Physicists advance in race for room-temperature superconductivity

Diamond Anvil Cell
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Diamond Anvil Cell

A team of physicists from UNLV’s Nevada Extreme Conditions Lab (NEXCL) used a diamond anvil cell, a research device similar to the one pictured, in their research to lower the pressure needed to observe a material capable of superconductivity at room temperature . Photo credit: Image courtesy of NEXCL

Less than two years ago, the scientific world was shocked by the discovery of a material capable of superconductivity at room temperature. Now a team of physicists from the University of Nevada Las Vegas (UNLV) have upped the ante by reproducing the feat using the lowest pressures ever recorded.

To be clear, science is closer than ever to a usable, replicable material that could one day revolutionize energy transport.

The discovery made international headlines in 2020 first superconductivity at room temperature by UNLV physicist Ashkan Salamat and his colleague Ranga Dias, a physicist at the University of Rochester. To achieve the feat, the scientists chemically synthesized a mixture of carbon, sulfur and hydrogen, first into a metallic state and then even further into a superconducting state at room temperature, using extremely high pressure — 267 gigapascals — conditions that one finds nature near the center of the earth only under conditions.

Fast forward less than two years, and researchers are now able to complete the feat at just 91 GPa — about a third of the pressure originally reported. The new findings were published as a preliminary article in the journal chemical communication this month.

And Super Discovery

By fine-tuning the compositions of carbon, sulfur and hydrogen used in the original breakthrough, researchers are now able to produce a material at a lower pressure that retains its superconducting state.

“These are pressures at levels that are difficult to understand and evaluate outside of the laboratory, but our current development shows that it is possible to achieve relatively high superconducting temperatures at consistently lower pressures – which is our ultimate goal,” said the The study’s lead author, Gregory Alexander Smith, a graduate student researcher at UNLV’s Nevada Extreme Conditions Laboratory (NEXCL). “Ultimately, if we want to make devices useful for societal needs, we need to reduce the pressure required to produce them.”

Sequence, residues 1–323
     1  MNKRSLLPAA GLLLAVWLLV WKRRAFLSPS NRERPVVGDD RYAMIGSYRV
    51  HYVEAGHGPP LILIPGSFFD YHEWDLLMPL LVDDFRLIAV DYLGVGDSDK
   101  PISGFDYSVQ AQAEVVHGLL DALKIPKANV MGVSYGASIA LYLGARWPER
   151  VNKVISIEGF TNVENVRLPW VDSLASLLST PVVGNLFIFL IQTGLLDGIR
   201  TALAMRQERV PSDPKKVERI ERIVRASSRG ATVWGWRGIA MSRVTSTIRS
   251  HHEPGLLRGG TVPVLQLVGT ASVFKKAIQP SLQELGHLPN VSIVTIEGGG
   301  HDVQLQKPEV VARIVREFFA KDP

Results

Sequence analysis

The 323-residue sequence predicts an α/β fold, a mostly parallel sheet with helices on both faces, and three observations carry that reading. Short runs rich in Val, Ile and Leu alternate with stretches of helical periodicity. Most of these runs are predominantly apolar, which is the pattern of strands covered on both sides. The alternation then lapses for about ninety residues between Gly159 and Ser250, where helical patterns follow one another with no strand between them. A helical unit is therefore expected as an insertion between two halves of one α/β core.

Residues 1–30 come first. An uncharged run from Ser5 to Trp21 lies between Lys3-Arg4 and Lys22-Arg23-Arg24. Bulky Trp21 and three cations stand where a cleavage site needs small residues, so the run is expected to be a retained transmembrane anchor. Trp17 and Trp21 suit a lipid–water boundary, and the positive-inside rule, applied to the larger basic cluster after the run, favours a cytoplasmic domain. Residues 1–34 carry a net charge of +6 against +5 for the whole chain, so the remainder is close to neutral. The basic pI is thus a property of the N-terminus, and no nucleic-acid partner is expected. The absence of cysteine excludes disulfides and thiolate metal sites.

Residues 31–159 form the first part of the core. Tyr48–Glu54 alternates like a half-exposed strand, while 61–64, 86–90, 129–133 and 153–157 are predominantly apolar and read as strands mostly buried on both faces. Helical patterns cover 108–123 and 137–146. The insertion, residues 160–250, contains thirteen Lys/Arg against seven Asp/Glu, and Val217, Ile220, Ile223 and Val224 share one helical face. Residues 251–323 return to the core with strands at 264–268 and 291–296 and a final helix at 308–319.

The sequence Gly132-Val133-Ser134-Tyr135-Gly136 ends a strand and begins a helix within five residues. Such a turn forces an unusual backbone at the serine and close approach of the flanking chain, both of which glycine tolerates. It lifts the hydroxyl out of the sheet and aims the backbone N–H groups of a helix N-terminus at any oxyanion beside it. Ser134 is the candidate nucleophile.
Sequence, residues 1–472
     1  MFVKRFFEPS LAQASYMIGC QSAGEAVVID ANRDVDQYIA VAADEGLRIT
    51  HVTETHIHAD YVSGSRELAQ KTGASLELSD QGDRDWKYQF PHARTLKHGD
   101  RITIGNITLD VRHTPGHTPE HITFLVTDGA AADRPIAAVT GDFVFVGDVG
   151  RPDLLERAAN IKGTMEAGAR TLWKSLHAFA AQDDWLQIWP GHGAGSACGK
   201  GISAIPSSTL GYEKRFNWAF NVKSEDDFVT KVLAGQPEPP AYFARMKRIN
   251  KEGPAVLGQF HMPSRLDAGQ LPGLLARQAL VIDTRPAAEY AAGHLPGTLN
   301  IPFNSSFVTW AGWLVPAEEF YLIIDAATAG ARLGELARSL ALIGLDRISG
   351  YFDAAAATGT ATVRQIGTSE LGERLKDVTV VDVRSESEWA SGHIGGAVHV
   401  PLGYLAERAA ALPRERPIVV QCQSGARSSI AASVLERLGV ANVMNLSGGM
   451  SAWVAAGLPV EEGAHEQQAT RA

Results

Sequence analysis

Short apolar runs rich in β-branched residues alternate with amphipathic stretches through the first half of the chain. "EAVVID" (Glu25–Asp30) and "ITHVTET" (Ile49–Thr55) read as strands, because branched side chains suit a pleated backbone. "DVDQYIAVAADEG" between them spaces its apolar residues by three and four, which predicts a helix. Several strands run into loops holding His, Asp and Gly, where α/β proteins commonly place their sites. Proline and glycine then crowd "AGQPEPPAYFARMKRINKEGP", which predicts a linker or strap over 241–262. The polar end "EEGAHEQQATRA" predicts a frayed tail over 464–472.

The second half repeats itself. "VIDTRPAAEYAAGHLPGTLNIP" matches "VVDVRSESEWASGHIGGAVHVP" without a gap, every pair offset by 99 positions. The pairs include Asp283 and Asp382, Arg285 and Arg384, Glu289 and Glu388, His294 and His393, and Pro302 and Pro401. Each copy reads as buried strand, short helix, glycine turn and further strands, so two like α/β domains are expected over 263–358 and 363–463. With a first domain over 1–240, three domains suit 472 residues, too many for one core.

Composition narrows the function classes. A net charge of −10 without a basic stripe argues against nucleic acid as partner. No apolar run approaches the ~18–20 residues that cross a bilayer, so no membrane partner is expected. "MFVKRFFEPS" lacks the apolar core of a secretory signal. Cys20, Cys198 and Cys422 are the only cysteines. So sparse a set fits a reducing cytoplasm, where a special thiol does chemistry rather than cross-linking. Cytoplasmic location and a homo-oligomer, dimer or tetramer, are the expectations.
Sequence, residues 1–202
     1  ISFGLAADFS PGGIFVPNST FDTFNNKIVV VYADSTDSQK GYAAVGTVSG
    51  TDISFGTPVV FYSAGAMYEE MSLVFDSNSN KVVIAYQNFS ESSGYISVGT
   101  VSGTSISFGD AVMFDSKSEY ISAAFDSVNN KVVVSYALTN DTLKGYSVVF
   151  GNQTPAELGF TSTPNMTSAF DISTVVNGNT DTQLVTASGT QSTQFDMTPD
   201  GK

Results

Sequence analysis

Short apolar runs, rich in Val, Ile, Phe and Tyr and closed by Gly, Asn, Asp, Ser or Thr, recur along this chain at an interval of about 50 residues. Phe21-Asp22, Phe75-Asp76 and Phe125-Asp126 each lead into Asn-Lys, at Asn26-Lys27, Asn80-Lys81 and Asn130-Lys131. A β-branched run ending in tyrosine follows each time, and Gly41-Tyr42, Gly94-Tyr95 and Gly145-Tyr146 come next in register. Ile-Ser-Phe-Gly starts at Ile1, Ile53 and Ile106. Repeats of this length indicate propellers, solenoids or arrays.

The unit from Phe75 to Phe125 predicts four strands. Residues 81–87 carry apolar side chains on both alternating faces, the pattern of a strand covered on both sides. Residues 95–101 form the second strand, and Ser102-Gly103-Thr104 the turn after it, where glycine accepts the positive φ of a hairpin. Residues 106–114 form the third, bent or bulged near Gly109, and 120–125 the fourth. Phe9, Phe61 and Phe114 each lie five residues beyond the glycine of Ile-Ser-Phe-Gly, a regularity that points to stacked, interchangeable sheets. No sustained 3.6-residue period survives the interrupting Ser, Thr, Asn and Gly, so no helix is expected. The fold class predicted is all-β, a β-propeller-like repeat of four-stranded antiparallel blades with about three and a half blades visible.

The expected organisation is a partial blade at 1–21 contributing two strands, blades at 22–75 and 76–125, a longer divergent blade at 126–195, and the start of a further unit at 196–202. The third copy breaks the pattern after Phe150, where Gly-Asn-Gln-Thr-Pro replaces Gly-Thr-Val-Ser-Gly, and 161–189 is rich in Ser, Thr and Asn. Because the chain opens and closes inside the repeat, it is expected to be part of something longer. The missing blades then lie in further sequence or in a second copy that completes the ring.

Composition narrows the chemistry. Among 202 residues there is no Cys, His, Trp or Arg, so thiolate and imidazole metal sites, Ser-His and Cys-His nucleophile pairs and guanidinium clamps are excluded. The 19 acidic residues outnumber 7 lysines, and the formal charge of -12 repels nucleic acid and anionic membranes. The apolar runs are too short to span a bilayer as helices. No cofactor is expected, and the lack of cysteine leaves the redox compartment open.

Although the pressure is still very high – about a thousand times higher than at the bottom of the Mariana Trench in the Pacific Ocean – they continue to race toward a near-zero target. It’s a race that’s gaining exponential momentum at UNLV as researchers gain a better understanding of the chemical relationship between the carbon, sulfur and hydrogen that make up the material.

“Our knowledge of the relationship between carbon and sulfur is advancing rapidly, and we are finding ratios that result in remarkably different and more efficient reactions than originally observed,” said Salamat, who leads UNLV’s NEXCL and has contributed to the latest learning. ÔÇťObserving such different phenomena in a similar system only shows the richness of Mother Nature. There is so much more to understand, and each new advance brings us closer to the abyss of everyday superconducting devices.”

The holy grail of energy efficiency

Superconductivity is a remarkable phenomenon, first observed more than a century ago, but only at remarkably low temperatures that foreshadowed any thought of practical application. It wasn’t until the 1960s that scientists theorized that the feat might be possible at higher temperatures. The 2020 discovery of a room-temperature superconductor by Salamat and colleagues excited the scientific world in part because the technology supports the flow of electricity without resistance, meaning that energy flowing through a circuit can be conducted indefinitely and without loss of performance. This could have significant implications for energy storage and transmission, supporting everything from better cell phone batteries to a more efficient energy grid.

“The global energy crisis shows no signs of slowing, and costs are rising in part because of a US energy grid that loses about $30 billion annually due to the inefficiency of current technology,” Salamat said. “Societal change requires us to be at the forefront of technology, and I believe today’s work is at the forefront of tomorrow’s solutions.”

According to Salamat, the properties of superconductors can support a new generation of materials that could fundamentally transform the energy infrastructure of the US and beyond.

“Imagine taking energy in Nevada and sending it across the country with no energy loss,” he said. “This technology could make it possible one day.”

References: “Carbon content drives high-temperature superconductivity in a carbonaceous sulfur hydride below 100 GPa” by G. Alexander Smith, Ines E. Collings, Elliot Snider, Dean Smith, Sylvain Petitgirard, Jesse S. Smith, Melanie White, Elyse Jones, Paul Ellison, Keith V Lawler, Ranga P Dias, and Ashkan Salamat, July 7, 2022, chemical communication.
DOI: 10.1039/D2CC03170A

Smith, the lead author, is a former UNLV student researcher in Salamat’s lab and is currently a PhD student in chemistry and research at NEXCL. Additional study authors include UNLV’s Salamat, Dean Smith, Paul Ellison, Melanie White and Keith Lawler; Ranga Dias, Elliot Snider and Elyse Jones from the University of Rochester; Ines E. Collings from the Swiss Federal Laboratories for Materials Testing and Research, Sylvain Petitgirard from ETH Zurich; and Jesse S. Smith of Argonne National Laboratory.

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